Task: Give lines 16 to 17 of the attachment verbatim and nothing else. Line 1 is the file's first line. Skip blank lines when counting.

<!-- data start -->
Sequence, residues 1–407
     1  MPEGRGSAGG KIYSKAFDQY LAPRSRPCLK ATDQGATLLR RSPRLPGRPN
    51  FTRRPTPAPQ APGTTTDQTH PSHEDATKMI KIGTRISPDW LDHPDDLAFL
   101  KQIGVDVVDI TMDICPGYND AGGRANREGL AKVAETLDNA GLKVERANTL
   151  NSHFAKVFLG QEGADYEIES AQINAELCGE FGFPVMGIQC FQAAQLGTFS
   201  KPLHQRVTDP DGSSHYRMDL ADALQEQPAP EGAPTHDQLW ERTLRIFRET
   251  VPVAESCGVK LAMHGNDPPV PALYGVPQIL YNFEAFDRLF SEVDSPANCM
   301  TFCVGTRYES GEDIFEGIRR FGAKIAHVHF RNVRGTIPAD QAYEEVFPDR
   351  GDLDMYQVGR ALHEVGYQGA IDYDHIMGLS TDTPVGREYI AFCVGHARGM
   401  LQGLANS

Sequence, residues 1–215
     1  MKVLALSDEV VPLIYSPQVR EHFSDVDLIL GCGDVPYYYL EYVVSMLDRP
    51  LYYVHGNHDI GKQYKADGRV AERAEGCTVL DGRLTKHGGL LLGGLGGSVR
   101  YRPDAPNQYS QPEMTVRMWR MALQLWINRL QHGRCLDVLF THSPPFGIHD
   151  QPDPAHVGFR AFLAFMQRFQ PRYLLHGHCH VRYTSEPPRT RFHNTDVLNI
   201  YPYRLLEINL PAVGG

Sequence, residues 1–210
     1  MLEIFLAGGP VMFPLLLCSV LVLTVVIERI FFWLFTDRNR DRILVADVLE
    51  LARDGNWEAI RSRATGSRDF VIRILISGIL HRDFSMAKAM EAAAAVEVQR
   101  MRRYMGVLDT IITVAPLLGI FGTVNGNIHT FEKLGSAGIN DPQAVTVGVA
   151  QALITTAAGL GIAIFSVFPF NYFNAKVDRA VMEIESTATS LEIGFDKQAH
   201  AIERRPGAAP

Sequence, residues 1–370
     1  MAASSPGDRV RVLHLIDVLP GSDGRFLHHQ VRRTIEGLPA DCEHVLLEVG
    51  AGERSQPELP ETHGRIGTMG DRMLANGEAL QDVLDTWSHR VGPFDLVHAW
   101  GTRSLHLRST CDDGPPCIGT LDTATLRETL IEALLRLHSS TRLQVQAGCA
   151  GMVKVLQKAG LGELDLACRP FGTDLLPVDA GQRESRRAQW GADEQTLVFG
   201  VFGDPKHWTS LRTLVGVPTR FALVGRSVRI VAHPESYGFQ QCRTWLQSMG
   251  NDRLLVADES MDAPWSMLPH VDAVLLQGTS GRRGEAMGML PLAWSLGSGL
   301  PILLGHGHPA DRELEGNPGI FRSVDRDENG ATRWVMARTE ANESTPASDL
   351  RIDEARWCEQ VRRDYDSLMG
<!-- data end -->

   201  YPYRLLEINL PAVGG

Sequence, residues 1–210